Senator Pledges Support for Net Neutrality, Broadband Plan

The powerful chairman of a U.S. Senate committee will push for additional authority for the U.S. Federal Communications Commission to enforce net neutrality rules and implement its new national broadband plan, if it's needed following a court ruling against the agency this month.

The decision by the U.S. Court of Appeals for the District of Columbia Circuit to throw out the FCC's attempt to enforce net neutrality rules against Comcast puts the entire broadband plan, released last month, at risk, said Senator Jay Rockefeller, a West Virginia Democrat and chairman of the Senate Commerce, Science and Transportation Committee.

But Rockefeller urged FCC Chairman Julius Genachowski to move ahead with the broadband plan and net neutrality rules anyway. "In the near term, I want the agency to use all of its existing authority," he said.

Comcast and other broadband providers want to take the FCC's authority away, Rockefeller added. "In the long term, if there is a need to rewrite the law to provide consumers and the FCC and industry with a new framework, I as chairman will take that task on," he said. "This is a committee -- at least so long as I am chairman -- that is here to protect people, to protect consumers."

Still, Rockefeller said he was somewhat disappointed in the FCC's 376-page broadband plan because it does not move fast enough to bring broadband service to more U.S. residents. "It is long on vision, but it is short on tactics," he said.

Genachowski defended the broadband plan, saying the FCC has already begun implementing its recommendations. Last Thursday, the agency released a schedule listing more than 60 proceedings it plans to launch this year to implement parts of the plan, he noted.

The FCC has the authority to implement the national broadband plan, Genachowski added. "I believe it is vitally important that the commission act on the broadband plan's road map to protect America's global competitiveness and help deliver the extraordinary benefits of broadband to all Americans," he said. "I can assure the committee that our actions will be rooted in a sound legal foundation, designed to promote investment, innovation, competition and consumer interests."

Among the broadband plan's goals: universal broadband availability across the U.S. and 100 million U.S. homes with 100M bps (bits per second) service by 2020. The broadband plan would also identify 500MHz of wireless spectrum to be auctioned or shared for mobile broadband over the next 10 years, and redirect US$15.5 billion from the FCC's Universal Service Fund from traditional telephone subsidies to broadband deployment.

But while Rockefeller and several other Democrats on the commerce committee urged the FCC to move forward with the broadband plan and its attempt to formalize net neutrality rules prohibiting broadband providers from selectively blocking Internet content, several committee Republicans suggested the FCC has little authority to move forward in either area.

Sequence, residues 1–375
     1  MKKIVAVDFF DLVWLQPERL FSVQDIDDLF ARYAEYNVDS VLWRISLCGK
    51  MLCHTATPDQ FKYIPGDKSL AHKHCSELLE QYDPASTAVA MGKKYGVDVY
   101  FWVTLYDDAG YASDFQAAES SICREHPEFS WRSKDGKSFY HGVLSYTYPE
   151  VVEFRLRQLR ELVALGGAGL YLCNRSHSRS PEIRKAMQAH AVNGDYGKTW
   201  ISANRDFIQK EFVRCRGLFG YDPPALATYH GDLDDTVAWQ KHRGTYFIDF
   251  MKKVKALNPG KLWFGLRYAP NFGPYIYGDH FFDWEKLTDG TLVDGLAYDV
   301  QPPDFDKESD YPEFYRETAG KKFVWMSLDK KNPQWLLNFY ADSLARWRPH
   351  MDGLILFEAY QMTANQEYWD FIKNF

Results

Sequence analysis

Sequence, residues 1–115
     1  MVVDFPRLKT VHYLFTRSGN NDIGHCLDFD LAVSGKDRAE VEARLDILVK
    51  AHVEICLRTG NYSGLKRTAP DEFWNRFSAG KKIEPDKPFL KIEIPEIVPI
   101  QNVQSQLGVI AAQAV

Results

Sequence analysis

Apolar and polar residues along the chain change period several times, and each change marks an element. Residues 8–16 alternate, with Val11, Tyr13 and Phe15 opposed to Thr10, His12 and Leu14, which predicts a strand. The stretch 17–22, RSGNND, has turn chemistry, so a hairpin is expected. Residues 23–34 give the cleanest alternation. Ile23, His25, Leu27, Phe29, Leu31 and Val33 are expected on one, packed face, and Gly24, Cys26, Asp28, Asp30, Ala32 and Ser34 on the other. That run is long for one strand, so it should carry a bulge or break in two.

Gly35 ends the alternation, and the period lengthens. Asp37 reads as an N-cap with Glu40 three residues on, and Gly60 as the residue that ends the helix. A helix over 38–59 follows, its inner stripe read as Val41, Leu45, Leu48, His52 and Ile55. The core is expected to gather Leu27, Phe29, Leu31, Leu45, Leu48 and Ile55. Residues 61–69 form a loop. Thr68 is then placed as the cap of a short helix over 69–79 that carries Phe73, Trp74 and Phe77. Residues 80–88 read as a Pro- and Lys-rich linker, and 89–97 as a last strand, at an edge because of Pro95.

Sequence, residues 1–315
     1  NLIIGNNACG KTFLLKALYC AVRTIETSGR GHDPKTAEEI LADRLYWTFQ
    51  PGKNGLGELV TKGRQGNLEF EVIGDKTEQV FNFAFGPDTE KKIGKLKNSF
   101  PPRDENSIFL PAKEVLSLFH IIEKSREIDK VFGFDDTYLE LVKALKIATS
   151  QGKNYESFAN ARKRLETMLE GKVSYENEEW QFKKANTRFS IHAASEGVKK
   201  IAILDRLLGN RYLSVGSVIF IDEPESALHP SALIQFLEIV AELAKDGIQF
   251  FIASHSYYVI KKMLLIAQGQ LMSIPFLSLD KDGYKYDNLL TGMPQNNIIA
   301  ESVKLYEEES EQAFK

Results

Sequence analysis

Senator John Ensign, a Nevada Republican, complained that the broadband plan would create huge new federally funded programs, including a volunteer Digital Literacy Corps. The FCC has said the broadband plan would not require additional spending from Congress because it would pay for itself through spectrum auctions.

A light regulatory approach to the Internet by the FCC in the past has promoted innovation, said Senator Kay Bailey Hutchison of Texas, the senior committee Republican. The FCC should resist calls to reclassify broadband as a common carrier-type regulated service, she said.

"In my judgment, if the FCC were to take the action that Chairman Genachowski and his colleagues appear to be considering ... without a directive from Congress and a thorough analysis of the facts and the potential consequences to investment, the legitimacy of the agency would be thoroughly compromised," she said. "I am asking you today to step back and consider the consequences of such a decision."

The broadband plan, which is largely silent on net neutrality, could still face legal challenges, Hutchison said. "Many of the commentators are very concerned that all this process means is we're going to spend a lot of money on lawyers and not as much on innovation, and it's going to cause more confusion and instability in investment," she said.

Genachowski declined to say if the FCC was considering reclassifying broadband as a common carrier service. The agency's lawyers are looking at the options for moving forward with net neutrality rules, he said.

After the recent Comcast decision, the FCC does not have the authority to reclassify broadband as a common carrier service, even though the commission deregulated broadband in series of decisions in the past decade, said Senator Mike Johanns, a Nebraska Republican.

"The bottom line is this: If you want to make policy, then what you need to do is pay the filing fee, do a lot of parades, raise money and start at the [congressional] end of the table," he said. "It's just a situation, I believe, where Congress has not given you the power that you're attempting to assert."

But Senator Byron Dorgan, a North Dakota Democrat, said the FCC has the authority to change regulatory rules it originally made. "The free marketplace is a wonderful place, free and open market are important, but you need a referee with a striped shirt to call the fouls," he said. "The FCC is the referee, and I want you to have the [regulatory] touch that's necessary to protect the interests of American people and the citizens that use the Internet."

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